A worldwide communications network whose cables spanned continents and oceans, it revolutionised business practice, gave rise to new forms of crime, and inundated its users with a deluge of information. Romances blossomed over the wires. Secret codes were devised by some users, and cracked by others. The benefits of the network were relentlessly hyped by its advocates, and dismissed by the sceptics. Governments and regulators tried and failed to control the new medium. Attitudes to everything from newsgathering to diplomacy had to be completely rethought. Meanwhile, out on the wires, a technological subculture with its own customs and vocabulary was establishing itself. (Tom Standage, The Victorian Internet, p. 1)
The telegraph = the Victorian Internet
Tom Standage argues that in the 19th century it was a common expectation that newspapers would be redundant, simply because news would be piped into people’s homes. Instead, the opposite happened – newspapers became increasingly important as they started reporting on the remote corners of the world, thanks to news agencies (Reuters etc.) which blossomed thanks to the telegraph.
The Internet has seen similar expectations, exaggerations and hype: in the 90s, ‘cyberculture studies’ was guilty of much of this, luckily cultural studies now treats the Internet more as a mundane technology, closely integrated with the everyday.
The Internet is not an “information superhighway,” it is, in many ways, a series of tubes, very much akin to telegraphy. Also, remember that the Internet is not a total chaos – it is closely managed through protocols, protocols which allow for a good degree of freedom. However this rather unrestricted freedom is now under threat:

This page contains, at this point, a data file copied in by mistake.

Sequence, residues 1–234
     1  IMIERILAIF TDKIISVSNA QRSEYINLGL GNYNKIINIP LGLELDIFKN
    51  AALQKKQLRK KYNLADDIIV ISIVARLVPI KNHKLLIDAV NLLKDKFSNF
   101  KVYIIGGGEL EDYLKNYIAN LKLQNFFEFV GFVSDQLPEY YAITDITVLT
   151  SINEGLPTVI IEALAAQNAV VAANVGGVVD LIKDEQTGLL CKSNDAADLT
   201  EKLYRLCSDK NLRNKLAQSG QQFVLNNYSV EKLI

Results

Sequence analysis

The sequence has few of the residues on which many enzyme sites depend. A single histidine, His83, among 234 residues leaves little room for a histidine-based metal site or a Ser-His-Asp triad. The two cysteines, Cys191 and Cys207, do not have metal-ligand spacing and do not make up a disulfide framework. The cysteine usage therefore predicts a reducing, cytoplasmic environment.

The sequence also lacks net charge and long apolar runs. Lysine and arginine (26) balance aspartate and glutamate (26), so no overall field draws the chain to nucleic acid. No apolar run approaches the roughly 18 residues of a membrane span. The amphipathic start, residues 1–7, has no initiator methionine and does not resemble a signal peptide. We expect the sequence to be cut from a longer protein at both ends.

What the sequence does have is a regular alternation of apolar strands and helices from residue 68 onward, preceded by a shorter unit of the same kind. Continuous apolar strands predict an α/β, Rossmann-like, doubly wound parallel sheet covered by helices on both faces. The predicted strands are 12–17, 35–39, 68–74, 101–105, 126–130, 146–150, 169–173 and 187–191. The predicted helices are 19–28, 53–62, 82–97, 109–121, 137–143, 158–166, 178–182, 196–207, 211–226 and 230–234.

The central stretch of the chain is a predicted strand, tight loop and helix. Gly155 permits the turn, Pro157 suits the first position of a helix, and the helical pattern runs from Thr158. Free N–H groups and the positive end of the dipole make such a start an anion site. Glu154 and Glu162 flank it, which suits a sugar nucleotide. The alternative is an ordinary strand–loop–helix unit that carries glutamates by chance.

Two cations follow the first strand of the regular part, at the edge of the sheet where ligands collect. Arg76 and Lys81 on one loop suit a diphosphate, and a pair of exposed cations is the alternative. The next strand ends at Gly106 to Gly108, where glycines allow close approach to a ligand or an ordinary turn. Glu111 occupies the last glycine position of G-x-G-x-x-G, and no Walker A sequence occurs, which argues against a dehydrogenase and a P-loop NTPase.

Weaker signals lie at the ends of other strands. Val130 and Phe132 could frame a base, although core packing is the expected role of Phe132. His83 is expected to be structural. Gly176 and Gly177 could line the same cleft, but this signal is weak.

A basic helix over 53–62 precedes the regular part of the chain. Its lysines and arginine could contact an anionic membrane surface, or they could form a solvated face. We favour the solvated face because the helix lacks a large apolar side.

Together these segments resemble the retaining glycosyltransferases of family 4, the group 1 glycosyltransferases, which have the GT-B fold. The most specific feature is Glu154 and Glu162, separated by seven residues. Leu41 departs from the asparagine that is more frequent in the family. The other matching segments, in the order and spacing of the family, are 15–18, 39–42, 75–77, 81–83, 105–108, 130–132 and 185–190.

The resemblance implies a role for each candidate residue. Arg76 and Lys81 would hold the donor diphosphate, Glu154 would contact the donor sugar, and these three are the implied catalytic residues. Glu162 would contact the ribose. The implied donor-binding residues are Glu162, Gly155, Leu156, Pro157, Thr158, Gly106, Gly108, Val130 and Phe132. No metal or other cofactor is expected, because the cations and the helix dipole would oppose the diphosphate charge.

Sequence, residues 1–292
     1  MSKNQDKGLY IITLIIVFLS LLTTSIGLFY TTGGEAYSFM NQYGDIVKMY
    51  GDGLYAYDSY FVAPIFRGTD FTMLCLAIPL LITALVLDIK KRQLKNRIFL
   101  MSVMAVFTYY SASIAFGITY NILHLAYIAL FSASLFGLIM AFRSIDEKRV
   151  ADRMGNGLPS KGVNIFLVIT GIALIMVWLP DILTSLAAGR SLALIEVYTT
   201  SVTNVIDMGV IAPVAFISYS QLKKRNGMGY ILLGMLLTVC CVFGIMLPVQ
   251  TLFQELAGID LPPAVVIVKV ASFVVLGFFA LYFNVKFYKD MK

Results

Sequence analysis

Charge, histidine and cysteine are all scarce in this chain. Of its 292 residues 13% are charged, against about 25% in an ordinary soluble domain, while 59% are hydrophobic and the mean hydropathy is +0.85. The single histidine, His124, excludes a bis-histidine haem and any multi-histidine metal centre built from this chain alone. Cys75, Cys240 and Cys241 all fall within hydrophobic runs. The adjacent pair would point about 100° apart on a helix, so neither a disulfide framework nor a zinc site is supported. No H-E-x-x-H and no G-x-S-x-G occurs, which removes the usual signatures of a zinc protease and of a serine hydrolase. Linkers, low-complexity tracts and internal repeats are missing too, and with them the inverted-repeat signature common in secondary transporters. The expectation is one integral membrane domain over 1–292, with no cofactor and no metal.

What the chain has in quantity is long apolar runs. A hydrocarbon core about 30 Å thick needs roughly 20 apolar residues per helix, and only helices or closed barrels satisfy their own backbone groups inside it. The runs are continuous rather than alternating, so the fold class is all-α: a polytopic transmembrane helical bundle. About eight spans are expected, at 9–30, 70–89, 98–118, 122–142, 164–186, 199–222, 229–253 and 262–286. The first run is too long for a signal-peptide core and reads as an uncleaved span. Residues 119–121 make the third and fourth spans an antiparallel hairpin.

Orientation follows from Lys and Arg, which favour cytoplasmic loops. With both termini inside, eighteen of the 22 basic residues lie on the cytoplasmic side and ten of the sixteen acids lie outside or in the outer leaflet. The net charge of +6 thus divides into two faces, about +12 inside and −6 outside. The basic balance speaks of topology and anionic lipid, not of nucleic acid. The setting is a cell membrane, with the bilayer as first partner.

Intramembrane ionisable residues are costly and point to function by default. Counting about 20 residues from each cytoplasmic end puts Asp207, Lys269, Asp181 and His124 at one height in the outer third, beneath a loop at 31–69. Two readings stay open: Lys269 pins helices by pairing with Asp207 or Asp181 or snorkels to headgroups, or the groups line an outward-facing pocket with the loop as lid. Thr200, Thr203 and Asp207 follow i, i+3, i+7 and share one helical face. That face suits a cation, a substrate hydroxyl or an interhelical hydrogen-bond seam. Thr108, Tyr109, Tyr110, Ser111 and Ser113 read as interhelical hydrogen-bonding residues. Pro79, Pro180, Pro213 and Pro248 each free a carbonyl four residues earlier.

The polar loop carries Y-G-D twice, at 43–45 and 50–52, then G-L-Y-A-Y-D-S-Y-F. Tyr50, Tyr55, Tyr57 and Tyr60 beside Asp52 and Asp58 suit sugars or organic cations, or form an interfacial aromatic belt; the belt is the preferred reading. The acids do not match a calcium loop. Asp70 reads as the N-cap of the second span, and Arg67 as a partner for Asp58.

As the tubes are getting congested, some argue for closely regulated “express lanes” (see the Net Neutrality debate below). Moreover, the tubes are getting monitored by governments (see the Data retention debate). Also, their function in aiding underground economies is not a simple anarchic free-for-all (see the BitTorrent debate).
Overall, we can see several tendencies on the Internet that resemble earlier developments in media history:
Net neutrality --- compare with telephony, telegraphy, motorways etc
Data retention/ censorship --- compare with phone tapping, Stasi type supervision
The BitTorrent hydra --- compare with the consolidation that happens in free markets, emergence of oligarchies

• Net neutrality – an unregulated Internet or “express lanes” for proprietary content and services?